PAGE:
Scientists from the University of Graz (Austria) published the results of a study of "intermittent fasting". This is a special type of diet in which meals are separated by large time intervals. The size of the interval is two days, of which one full day a person does not eat anything, and the next day, for 12 hours, he can eat as he wants. Plus two 8-hour sleep sessions for a total of 36 hours without food versus 12 hours with a meal.
A study by an Austrian team showed the benefits of fasting. Participants in the experiment, as expected, tried to compensate for the long period of hunger during the allowed meal period - but could not eat much more than usual. As a result, although overeating did take place, there was no complete compensation for the calories burned, the difference reached 35%. And in 4 weeks of the experiment, people lost up to 3.5 kg of weight.
The huge advantage of such a diet is its simplicity. You do not need to count calories, the weight of meals, you do not need to think about what and when to eat. Just one full day a person spends without food, getting along with several glasses of water, and then pleases himself with delicious. Psychologically, this is perceived much easier than waiting for a long period of hardship and costs inherent in conventional diets.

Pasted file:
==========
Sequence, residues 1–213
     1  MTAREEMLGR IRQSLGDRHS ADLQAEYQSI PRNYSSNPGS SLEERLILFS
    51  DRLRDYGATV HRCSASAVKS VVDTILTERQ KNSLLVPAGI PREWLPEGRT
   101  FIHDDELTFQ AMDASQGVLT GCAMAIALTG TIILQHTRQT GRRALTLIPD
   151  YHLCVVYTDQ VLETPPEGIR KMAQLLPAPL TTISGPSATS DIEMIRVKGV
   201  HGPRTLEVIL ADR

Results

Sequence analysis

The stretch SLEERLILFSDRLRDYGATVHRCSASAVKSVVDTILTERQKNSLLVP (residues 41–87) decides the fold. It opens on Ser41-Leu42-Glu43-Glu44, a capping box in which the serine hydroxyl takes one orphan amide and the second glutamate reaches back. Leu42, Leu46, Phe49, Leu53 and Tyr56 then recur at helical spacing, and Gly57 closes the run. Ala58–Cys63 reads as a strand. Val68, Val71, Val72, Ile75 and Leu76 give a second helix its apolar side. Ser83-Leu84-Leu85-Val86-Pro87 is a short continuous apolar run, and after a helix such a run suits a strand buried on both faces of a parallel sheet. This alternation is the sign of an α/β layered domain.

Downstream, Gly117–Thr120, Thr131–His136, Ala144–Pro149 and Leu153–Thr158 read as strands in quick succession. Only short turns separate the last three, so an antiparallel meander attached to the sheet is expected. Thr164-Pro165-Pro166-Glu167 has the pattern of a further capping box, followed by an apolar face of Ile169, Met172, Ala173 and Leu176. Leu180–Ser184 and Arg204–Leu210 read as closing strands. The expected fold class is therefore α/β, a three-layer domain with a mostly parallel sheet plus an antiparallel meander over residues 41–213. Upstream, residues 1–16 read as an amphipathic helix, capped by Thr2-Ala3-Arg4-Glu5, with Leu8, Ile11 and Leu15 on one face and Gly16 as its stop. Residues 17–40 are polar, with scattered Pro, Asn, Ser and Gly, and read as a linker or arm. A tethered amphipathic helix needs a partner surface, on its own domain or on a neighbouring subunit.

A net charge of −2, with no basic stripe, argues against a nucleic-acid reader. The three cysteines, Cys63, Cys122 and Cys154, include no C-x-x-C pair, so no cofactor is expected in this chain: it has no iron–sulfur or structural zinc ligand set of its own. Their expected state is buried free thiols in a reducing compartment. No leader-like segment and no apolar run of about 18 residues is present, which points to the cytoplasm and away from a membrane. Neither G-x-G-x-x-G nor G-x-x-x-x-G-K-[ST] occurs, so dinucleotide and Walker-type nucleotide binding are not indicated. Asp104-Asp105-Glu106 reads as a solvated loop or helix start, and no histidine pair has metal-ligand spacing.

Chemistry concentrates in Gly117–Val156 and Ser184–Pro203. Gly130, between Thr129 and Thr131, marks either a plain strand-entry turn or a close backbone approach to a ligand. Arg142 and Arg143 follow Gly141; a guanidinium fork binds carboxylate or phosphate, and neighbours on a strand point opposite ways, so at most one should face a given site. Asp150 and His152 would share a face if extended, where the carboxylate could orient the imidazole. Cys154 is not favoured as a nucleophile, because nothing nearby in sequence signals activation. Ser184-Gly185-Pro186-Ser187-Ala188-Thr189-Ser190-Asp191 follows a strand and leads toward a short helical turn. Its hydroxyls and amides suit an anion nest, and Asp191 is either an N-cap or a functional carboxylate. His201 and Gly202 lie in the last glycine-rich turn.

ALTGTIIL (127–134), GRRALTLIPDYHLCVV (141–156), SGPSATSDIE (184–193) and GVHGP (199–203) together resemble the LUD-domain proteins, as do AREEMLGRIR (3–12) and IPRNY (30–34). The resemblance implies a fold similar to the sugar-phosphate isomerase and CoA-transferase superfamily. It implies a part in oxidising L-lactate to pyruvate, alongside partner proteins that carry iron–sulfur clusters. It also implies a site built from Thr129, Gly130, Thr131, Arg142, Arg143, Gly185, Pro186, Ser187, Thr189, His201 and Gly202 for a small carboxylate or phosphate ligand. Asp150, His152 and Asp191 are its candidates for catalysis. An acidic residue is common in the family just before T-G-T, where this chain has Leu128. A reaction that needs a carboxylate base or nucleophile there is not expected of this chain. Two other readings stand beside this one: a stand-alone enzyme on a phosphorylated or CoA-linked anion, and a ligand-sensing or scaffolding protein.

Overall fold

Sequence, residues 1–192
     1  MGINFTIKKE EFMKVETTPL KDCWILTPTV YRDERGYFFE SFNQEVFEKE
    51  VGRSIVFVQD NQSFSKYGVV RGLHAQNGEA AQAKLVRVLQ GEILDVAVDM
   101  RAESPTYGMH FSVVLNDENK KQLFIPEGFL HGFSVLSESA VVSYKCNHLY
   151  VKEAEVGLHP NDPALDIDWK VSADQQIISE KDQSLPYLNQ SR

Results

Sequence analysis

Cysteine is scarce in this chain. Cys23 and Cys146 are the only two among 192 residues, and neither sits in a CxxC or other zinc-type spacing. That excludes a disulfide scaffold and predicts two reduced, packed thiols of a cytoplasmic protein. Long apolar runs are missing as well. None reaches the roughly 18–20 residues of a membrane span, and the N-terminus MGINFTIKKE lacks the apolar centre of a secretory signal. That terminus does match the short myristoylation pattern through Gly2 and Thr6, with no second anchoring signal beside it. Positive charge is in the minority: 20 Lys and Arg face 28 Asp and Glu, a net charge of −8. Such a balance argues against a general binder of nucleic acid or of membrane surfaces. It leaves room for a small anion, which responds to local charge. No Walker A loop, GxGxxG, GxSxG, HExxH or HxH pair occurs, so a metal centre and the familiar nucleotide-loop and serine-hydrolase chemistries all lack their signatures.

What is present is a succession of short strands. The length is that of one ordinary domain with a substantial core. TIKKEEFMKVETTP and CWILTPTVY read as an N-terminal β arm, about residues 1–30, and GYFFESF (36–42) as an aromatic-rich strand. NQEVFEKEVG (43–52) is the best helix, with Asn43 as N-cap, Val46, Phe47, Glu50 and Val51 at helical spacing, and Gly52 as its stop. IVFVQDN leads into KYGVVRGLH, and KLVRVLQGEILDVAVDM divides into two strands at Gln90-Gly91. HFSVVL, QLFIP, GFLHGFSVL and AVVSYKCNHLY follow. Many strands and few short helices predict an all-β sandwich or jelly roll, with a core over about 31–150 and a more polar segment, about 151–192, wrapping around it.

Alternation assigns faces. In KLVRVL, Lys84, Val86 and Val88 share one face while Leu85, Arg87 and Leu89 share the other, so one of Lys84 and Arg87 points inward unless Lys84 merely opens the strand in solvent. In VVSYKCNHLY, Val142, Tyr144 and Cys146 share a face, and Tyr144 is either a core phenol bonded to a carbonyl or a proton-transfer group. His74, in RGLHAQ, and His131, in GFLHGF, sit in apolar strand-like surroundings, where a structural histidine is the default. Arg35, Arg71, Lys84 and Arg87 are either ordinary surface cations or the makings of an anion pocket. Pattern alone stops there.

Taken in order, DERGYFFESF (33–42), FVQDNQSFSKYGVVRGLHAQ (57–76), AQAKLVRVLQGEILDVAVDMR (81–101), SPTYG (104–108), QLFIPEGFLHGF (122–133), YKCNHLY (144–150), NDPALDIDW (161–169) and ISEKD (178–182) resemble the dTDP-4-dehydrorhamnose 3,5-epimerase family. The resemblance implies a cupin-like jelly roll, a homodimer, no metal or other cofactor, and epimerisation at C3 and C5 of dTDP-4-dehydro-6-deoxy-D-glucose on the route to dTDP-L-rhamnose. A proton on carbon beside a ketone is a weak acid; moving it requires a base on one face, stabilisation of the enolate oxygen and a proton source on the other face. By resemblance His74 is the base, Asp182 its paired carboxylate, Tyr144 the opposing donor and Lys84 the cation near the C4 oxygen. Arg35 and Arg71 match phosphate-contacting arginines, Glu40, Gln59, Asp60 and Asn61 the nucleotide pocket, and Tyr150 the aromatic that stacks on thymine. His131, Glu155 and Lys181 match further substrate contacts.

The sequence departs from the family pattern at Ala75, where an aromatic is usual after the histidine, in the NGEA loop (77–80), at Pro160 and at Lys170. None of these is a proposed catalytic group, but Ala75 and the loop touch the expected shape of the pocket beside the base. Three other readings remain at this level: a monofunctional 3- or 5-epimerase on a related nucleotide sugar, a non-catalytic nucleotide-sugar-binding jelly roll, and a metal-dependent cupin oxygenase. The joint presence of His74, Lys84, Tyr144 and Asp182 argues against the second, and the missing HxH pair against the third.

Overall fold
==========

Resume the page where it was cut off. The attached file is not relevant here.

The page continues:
The flip side of the coin is that scientists do not yet have sufficient data on the effect of such fasting on the body with prolonged practice. And although experiments with the participation of volunteers for 6 months did not give negative results, experiments with rodents showed a higher percentage of morbidity among the "starving". Probably, the problem is in immunity - if the body lacks energy, it is more difficult for it to fight diseases, and it is not difficult to pick up an occasional minor infection.